Saturday, December 22, 2012


so, i've been wanting to push the boundaries of my final fermentation time, which is the period of time that bread develops its flavor, where the crumb structure and texture is determined, and how the crust develops. the final fermentation for this boule was 20 hours, and i have to say, the crust and crumb of this loaf was pretty, well, wow.

here's what: if you start feeding your starter twice a day starting today (saturday), you can have this bread for christmas day. that's what i'mmunna do. i'll make one for my friend jen too (yes, you can just double the formula). together we'll rip off pieces of it and dip it in our christmas soup. after our hot chocolate. and presents.

here's a snapshot of your schedule in case you do want to make it: 1) feed the starter twice on saturday, 2) then twice on sunday - like 8am and 3pm, 3) then start the levain on sunday night like 11pm or midnight, just before bed (be sure you feed the starter again after you rob it for your levain. yes, it's fine if you feed your starter 3x in a day. and yes, it's fine to feed your starter spaced apart by, oh, i don't know, 6, 7, 8 hours. if you have a good strong starter, it will be fine, i do it all the time, it makes her good and robust and ready for action) 4) start the dough on monday morning, like 7am or 8am, even 9am, but you will have to determine the best time by the health of the levain 5) and bake the bread tuesday morning, after a full 20 hours of fermentation.

oh, hey, a note on shaping. when forming your dough into a boule, be sure to get it as round as possible, because when it's resting in its hammock, it is going to retain the shape that you shaped it in. that means, if you left it knobby or misshapen, that's how the bread will bake up. when i shaped this loaf, i remember thinking that i should give it a couple more twists to round it out. there was a little 'point' on one side of it, and i used it as an opportunity to see if it would round out in the bowl. one would think, right?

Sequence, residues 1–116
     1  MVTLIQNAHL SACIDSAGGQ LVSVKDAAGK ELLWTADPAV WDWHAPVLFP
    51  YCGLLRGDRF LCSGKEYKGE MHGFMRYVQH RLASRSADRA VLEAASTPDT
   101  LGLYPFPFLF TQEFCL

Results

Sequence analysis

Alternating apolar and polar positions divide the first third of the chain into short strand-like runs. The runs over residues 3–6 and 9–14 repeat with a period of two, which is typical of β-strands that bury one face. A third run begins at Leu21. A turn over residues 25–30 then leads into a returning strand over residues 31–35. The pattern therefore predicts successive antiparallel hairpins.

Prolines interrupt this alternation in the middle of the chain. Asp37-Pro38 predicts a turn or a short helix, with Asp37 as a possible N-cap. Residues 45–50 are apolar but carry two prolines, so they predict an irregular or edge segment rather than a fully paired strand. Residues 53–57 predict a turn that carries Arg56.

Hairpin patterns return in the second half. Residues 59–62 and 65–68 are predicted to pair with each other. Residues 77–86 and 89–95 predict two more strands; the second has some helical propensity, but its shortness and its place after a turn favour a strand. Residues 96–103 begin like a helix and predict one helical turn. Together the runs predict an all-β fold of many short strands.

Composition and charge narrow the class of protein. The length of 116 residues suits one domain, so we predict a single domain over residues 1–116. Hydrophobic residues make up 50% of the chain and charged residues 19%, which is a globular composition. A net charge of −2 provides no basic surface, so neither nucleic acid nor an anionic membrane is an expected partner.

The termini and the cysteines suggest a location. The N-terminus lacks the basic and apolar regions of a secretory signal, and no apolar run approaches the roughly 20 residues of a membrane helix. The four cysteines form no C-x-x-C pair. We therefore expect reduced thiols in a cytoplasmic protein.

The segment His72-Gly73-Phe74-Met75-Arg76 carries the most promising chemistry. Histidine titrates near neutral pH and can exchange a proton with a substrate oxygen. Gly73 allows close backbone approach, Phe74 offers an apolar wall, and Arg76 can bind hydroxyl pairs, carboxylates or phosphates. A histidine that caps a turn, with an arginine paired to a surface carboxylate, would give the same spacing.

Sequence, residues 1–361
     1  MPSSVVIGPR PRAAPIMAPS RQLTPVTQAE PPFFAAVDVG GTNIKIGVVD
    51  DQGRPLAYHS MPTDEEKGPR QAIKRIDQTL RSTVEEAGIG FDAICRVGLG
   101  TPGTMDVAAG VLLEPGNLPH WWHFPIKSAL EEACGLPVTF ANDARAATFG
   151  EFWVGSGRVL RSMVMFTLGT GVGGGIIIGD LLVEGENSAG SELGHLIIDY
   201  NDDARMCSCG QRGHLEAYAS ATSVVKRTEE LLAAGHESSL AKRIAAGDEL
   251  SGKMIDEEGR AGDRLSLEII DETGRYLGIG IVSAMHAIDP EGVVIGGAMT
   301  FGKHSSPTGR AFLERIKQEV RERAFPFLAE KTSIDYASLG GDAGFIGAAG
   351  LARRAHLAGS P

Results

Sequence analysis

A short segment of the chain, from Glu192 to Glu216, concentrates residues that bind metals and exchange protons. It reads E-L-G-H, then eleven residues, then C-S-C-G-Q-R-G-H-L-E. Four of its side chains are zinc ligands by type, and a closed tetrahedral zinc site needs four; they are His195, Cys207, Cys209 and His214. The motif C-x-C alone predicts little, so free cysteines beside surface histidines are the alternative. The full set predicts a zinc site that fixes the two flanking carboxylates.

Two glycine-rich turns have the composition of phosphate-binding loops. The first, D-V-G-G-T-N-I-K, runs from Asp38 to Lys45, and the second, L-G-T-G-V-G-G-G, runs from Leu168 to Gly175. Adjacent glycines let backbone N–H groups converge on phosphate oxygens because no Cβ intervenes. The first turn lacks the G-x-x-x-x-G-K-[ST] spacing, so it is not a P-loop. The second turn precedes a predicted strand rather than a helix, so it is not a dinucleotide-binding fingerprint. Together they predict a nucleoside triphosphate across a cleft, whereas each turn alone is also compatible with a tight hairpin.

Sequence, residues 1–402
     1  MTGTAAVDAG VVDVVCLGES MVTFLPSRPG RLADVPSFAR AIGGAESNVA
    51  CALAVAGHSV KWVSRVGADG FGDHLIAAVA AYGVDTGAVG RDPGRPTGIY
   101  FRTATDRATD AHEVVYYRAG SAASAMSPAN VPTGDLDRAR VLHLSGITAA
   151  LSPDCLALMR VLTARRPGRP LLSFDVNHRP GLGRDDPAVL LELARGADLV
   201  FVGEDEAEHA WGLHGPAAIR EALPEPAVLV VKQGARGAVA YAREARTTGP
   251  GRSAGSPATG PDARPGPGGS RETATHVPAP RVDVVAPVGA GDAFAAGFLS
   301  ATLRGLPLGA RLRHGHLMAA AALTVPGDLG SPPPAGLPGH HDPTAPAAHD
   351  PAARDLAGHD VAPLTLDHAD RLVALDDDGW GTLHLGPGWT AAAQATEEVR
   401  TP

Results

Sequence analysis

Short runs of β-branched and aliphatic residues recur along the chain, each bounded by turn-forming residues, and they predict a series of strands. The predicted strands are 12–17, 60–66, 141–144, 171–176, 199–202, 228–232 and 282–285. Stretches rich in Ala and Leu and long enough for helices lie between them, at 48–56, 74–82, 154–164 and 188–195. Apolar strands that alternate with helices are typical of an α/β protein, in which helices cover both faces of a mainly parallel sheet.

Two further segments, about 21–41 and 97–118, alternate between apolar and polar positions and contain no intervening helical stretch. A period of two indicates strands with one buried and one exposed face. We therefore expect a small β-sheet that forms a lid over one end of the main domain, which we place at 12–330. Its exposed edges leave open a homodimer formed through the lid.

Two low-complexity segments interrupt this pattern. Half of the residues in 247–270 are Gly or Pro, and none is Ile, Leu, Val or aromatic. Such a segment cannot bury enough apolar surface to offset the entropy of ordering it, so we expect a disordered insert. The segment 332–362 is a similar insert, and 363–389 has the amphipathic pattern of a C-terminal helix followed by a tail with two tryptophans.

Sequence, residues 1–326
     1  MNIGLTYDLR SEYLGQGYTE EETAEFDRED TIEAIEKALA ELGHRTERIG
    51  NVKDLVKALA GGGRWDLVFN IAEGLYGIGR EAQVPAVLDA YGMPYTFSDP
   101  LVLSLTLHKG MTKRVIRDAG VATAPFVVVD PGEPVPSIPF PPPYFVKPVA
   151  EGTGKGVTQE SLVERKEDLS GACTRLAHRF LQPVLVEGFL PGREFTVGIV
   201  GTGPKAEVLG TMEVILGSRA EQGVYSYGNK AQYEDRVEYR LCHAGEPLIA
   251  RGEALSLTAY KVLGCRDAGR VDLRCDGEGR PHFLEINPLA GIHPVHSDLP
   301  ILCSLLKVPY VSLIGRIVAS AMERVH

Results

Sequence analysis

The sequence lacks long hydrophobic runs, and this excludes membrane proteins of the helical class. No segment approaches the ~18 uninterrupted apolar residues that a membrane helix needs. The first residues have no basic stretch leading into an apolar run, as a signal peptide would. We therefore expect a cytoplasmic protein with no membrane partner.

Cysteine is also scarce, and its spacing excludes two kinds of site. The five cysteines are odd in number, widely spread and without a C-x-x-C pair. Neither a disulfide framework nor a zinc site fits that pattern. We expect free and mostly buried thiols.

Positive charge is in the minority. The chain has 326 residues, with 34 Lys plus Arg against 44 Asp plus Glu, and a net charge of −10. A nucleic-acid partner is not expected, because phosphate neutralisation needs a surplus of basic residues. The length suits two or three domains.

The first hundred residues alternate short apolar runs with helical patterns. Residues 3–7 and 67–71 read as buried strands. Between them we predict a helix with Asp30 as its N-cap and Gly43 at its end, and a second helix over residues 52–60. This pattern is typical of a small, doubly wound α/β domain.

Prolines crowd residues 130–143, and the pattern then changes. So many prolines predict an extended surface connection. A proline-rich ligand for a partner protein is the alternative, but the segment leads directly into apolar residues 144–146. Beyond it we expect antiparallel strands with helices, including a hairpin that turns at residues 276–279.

alas, it will not, so, if you want a perfectly round boule, 1) make sure that you don't over-hydrate your dough 2) be sure that fermentation is complete from levain through final fermentation 3) be sure to take care when shaping the boule. it's not that i mind a little funkiness to the shape of my bread, after all, it is rustic. i just thought you might want to know. little tweaks in this experiment, yeah?

so, this just about uses up all of my BRM light spelt. i wanted to do a post about it because there it is, on the supermarket shelf, it is its own product, and perhaps you were passing it by all these long months thinking 'what is 'light' vs. white vs. whole? how will it behave? should i try it?'

light spelt is a cross between whole and white spelt. bob sifts out enough bran to lighten the flour (personally, himself, just kidding. is there even a real bob? or is he like aunt jamima? a mere mascot to make us personally connect with his flour? yeah, too much time on these here hands...) so you get to eat a 'white' bread that won't make you feel so guilty. not that i feel guilty about eating white flour. what's the point in that? guilt is overrated. just drop it and you'll be fine.

back to bob and his flour. verdict? i personally appreciate the flour. flavor: when i took my first bite, i literally said 'wow'. the crust: was earth shattering, the crumb: was perfectly gelatinized. so there's that. and here's this.

city bread, in light spelt


make your levain:

37g starter
111g dark rye flour, i used BRM
111g h2o

mix this together to make a paste and ferment. mine took 7 hours 15 minutes.


make the dough:

259g levain
367g h2o
275g BRM light spelt flour
275g KA bread flour
12g sea salt

mix together the levain, the flours and water until it reaches a shaggy mass. autolyse for 1 full hour. after autolyse, squish the salt into the dough with your hands.